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Saint of the Day—available on the iPhone!

Saint of the Day
Catholic saints are holy people and human people who lived extraordinary lives. Each saint the Church honors responded to God's invitation to use his or her unique gifts. God calls each one of us to be a saint. Click here to receive Saint of the Day in your email.

January 8
St. Angela of Foligno
(1248-1309)


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Some saints show marks of holiness very early. Not Angela! Born of a leading family in Foligno, Italy, she became immersed in the quest for wealth and social position. As a wife and mother, she continued this life of distraction.

Around the age of 40 she recognized the emptiness of her life and sought God’s help in the Sacrament of Penance. Her Franciscan confessor helped Angela to seek God’s pardon for her previous life and to dedicate herself to prayer and the works of charity.

Shortly after her conversion, her husband and children died. Selling most of her possessions, she entered the Secular Franciscan Order. She was alternately absorbed by meditating on the crucified Christ and by serving the poor of Foligno as a nurse and beggar for their needs. Other women joined her in a religious community.

At her confessor’s advice, Angela wrote her Book of Visions and Instructions. In it she recalls some of the temptations she suffered after her conversion; she also expresses her thanks to God for the Incarnation of Jesus. This book and her life earned for Angela the title "Teacher of Theologians." She was beatified in 1693, and canonized in 2013.



Comment:

People who live in the United States today can understand St. Angela’s temptation to increase her sense of self-worth by accumulating money, fame or power. Striving to possess more and more, she became more and more self-centered. When she realized she was priceless because she was created and loved by God, she became very penitential and very charitable to the poor. What had seemed foolish early in her life now became very important. The path of self-emptying she followed is the path all holy men and women must follow.

Quote:

Pope John Paul II wrote: “Christ the Redeemer of the World is the one who penetrated in a unique, unrepeatable way into the mystery of the human person and entered our ‘hearts.’ Rightly therefore does the Second Vatican Council teach: ‘The truth is that only in the mystery of the Incarnate Word does the mystery of the human person take on light.... Christ the New Adam, in the very revelation of the mystery of the Father and his love, fully reveals human beings to themselves and brings to light their most high calling’” (Redemptor Hominis, 8).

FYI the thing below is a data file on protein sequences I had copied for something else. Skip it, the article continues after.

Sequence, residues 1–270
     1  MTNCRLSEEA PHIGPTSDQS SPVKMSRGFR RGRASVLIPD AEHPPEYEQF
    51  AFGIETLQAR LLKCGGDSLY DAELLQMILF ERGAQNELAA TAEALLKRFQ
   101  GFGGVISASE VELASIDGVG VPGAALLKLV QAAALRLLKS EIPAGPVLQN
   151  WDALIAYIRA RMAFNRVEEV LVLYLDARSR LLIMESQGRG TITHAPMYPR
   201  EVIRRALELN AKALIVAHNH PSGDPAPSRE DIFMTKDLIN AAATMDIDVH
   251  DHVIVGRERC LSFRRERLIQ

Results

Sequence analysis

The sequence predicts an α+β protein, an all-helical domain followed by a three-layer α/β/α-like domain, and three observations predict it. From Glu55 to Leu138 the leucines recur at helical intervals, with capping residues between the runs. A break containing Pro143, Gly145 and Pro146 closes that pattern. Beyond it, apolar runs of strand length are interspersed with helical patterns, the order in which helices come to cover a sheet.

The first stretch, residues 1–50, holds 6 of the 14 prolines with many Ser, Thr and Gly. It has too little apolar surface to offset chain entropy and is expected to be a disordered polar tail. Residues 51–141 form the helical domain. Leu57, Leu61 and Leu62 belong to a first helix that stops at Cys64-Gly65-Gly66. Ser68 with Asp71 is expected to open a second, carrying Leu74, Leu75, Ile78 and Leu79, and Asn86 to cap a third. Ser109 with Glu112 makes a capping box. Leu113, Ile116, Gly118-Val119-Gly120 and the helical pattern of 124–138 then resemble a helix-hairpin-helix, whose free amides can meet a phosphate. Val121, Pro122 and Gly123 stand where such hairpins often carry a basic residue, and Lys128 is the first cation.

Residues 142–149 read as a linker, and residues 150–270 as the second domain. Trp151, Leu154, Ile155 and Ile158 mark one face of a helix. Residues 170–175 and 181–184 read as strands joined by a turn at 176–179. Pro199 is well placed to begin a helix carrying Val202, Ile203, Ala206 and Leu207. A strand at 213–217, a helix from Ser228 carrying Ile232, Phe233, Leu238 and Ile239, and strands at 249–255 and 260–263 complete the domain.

Wednesday, January 8, 2014
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Saint of the Day
Lives, Lessons and Feast
By Leonard Foley, O.F.M.; revised by Pat McCloskey, O.F.M.



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Leopold Mandic: Western Christians who are working for greater dialogue with Orthodox Christians may be reaping the fruits of Father Leopold’s prayers.
<p>A native of Croatia, Leopold joined the Capuchin Franciscans and was ordained several years later in spite of several health problems. He could not speak loudly enough to preach publicly. For many years he also suffered from severe arthritis, poor eyesight and a stomach ailment.
</p><p>Leopold taught patrology, the study of the Church Fathers, to the clerics of his province for several years, but he is best known for his work in the confessional, where he sometimes spent 13-15 hours a day. Several bishops sought out his spiritual advice.
</p><p>Leopold’s dream was to go to the Orthodox Christians and work for the reunion of Roman Catholicism and Orthodoxy. His health never permitted it. Leopold often renewed his vow to go to the Eastern Christians; the cause of unity was constantly in his prayers.
</p><p>At a time when Pope Pius XII said that the greatest sin of our time is "to have lost all sense of sin," Leopold had a profound sense of sin and an even firmer sense of God’s grace awaiting human cooperation.
</p><p>Leopold, who lived most of his life in Padua, died on July 30, 1942, and was canonized in 1982.</p> American Catholic Blog Confession is one of the greatest gifts Christ gave to His Church. The sacrament of penance offers you grace that is incomparable in your quest for sanctity.

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